Diabetes Drug Battles Ovarian Cancer?

Metformin associated with increased survival for diabetic ovarian cancer patients

(RxWiki News) How exactly a diabetes drug helps ovarian cancer patients is still unknown, but the success rate is very encouraging. Further studies are needed to see if metformin should be made part of standard treatment.

A recent study followed ovarian cancer patients for 5 years. Women who were also taking the diabetes drug metformin had improved survival rates. Metformin is a commonly used diabetes drug used to temper the liver’s production of glucose.

"Talk to your oncologist about treatment options."

Viji Shridhar, PhD, from the Department of Laboratory Medicine and Experimental Pathology, and Sanjeev Kumar, MBBS, from the Department of Gynecologic Surgery, at the Mayo Clinic Cancer Center in Minnesota, led a team in the investigation.

“Our study demonstrated improved survival in women with ovarian cancer that were taking metformin,” said Dr. Kumar.

For the study, 239 ovarian cancer patients (61 taking metformin for diabetes, 178 not taking metformin) were followed for 5 years. After 5 years, 67 percent of patients taking metformin were still alive, while only 47 percent of patients not taking metformin were still alive.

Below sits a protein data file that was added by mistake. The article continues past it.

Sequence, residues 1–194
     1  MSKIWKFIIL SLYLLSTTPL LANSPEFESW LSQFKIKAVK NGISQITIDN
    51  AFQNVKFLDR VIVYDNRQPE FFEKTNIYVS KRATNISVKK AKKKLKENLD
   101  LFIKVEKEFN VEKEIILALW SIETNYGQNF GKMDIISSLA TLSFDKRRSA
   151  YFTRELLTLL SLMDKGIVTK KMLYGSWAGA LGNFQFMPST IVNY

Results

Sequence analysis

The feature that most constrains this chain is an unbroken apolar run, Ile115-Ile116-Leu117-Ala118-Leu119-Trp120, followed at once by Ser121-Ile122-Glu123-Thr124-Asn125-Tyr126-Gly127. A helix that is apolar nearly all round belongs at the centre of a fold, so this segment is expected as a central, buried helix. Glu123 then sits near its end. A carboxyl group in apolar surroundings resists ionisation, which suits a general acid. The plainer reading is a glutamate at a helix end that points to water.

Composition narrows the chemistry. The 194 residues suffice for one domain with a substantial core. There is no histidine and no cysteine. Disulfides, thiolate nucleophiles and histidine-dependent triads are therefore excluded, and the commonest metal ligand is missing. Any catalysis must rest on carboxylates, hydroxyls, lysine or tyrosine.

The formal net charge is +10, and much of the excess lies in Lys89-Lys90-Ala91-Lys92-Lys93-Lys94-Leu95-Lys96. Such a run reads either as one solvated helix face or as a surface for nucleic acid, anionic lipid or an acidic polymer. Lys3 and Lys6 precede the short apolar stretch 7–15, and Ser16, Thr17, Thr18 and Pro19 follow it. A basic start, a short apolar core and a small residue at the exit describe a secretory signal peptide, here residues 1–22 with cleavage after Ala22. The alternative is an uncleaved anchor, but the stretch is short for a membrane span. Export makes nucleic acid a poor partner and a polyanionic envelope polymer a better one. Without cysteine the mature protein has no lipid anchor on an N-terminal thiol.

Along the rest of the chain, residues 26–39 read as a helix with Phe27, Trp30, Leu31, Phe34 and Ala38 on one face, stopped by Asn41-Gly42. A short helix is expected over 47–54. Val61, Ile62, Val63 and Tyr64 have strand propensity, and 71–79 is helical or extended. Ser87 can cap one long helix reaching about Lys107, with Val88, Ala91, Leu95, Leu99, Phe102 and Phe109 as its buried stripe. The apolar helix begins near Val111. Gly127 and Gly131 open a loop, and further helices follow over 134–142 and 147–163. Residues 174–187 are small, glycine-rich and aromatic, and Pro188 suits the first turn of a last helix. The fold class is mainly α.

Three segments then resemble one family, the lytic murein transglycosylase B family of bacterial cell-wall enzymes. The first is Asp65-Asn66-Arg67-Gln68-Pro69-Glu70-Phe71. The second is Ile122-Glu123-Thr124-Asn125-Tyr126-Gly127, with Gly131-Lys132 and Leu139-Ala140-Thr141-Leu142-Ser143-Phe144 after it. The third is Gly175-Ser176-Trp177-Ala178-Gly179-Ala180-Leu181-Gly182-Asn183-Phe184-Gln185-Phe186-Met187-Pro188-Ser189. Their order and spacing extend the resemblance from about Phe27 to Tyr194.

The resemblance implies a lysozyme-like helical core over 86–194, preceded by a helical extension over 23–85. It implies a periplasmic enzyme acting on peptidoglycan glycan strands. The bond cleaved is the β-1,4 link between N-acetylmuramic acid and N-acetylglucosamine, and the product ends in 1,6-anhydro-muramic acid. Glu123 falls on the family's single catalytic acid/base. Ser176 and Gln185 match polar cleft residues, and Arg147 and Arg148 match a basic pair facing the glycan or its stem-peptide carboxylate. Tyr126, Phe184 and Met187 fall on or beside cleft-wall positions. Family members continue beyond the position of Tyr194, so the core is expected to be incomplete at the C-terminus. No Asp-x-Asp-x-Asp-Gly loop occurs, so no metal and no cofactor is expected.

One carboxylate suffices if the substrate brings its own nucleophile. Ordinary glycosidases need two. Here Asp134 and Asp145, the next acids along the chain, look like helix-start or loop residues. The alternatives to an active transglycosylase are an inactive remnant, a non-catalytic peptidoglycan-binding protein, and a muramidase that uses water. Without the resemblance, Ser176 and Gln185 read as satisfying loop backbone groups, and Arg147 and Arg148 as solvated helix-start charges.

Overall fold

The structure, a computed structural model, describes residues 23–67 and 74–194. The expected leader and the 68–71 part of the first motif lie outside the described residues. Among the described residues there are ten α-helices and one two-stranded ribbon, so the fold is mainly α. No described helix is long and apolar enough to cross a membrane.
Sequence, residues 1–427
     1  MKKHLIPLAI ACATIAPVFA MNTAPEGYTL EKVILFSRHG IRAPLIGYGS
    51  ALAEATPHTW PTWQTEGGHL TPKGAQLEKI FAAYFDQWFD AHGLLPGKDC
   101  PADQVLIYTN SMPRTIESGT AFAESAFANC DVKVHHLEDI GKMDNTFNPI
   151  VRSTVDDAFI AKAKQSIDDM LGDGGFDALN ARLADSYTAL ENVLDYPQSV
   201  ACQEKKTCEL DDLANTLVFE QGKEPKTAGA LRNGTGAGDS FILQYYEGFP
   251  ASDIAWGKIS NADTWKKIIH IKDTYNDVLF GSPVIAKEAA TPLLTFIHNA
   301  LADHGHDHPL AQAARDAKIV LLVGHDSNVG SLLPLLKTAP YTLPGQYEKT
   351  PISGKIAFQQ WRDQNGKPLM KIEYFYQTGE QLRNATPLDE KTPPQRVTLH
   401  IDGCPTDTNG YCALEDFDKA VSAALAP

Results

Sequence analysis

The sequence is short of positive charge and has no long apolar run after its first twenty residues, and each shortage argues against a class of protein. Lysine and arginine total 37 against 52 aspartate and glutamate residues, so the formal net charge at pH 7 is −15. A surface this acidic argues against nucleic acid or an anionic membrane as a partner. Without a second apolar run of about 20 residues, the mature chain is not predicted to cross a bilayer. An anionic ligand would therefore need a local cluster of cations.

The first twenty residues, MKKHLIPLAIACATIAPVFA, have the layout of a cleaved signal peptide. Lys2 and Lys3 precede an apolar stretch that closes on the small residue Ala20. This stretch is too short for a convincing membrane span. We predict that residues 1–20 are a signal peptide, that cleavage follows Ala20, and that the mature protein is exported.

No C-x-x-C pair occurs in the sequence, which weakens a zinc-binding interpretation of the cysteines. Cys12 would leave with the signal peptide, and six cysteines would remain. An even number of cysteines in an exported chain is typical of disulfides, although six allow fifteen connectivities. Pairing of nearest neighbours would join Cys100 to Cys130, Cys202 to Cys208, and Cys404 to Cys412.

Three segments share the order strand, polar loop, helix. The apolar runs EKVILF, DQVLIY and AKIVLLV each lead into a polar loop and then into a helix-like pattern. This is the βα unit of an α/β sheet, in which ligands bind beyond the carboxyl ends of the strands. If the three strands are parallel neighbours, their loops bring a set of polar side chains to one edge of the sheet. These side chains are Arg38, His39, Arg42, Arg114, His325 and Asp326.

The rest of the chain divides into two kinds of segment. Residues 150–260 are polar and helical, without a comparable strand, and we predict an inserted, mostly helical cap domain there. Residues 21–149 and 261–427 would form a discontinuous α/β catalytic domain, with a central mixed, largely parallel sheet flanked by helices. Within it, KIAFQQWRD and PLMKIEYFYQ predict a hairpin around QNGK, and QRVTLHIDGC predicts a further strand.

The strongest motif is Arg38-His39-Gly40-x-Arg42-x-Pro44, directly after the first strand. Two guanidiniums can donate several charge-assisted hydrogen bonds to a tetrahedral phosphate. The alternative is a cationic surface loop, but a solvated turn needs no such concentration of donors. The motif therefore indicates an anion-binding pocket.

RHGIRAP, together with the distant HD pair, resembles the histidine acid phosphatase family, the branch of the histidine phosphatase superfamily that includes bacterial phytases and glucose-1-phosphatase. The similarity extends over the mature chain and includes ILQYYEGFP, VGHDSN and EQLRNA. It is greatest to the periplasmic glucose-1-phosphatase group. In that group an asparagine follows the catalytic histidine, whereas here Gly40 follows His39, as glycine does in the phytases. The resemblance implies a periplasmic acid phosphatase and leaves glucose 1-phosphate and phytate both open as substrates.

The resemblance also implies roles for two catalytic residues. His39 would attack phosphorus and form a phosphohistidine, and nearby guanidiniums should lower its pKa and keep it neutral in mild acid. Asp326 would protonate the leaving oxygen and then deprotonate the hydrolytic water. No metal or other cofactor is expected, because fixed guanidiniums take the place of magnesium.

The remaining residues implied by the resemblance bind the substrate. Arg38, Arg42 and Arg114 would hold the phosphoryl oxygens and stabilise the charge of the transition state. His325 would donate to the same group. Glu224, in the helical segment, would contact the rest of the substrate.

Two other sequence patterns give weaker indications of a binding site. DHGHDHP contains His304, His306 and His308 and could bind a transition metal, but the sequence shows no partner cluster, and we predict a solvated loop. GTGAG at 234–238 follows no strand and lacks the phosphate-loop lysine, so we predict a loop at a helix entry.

With all factors considered, age, weight, cancer treatment and stage of cancer, patients taking metformin showed greater likelihood of living at least 5 more years compared to patients not taking metformin.

Dr. Kumar said, “The results are encouraging, but as with any retrospective study, many factors cannot be controlled for us to say if there is a direct cause and effect.”

“Rather, this is further human evidence for a potential beneficial effect of a commonly used drug which is relatively safe in humans.”

These study findings were positive enough to warrant a large-scale study to test the use of metformin in ovarian cancer patients. This study was published in December in Cancer. Funding support was provided by the Fred C. and Katherine B. Anderson Foundation and grants from the National Institutes of Health. No conflicts of interest were reported.

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Review Date: 
December 4, 2012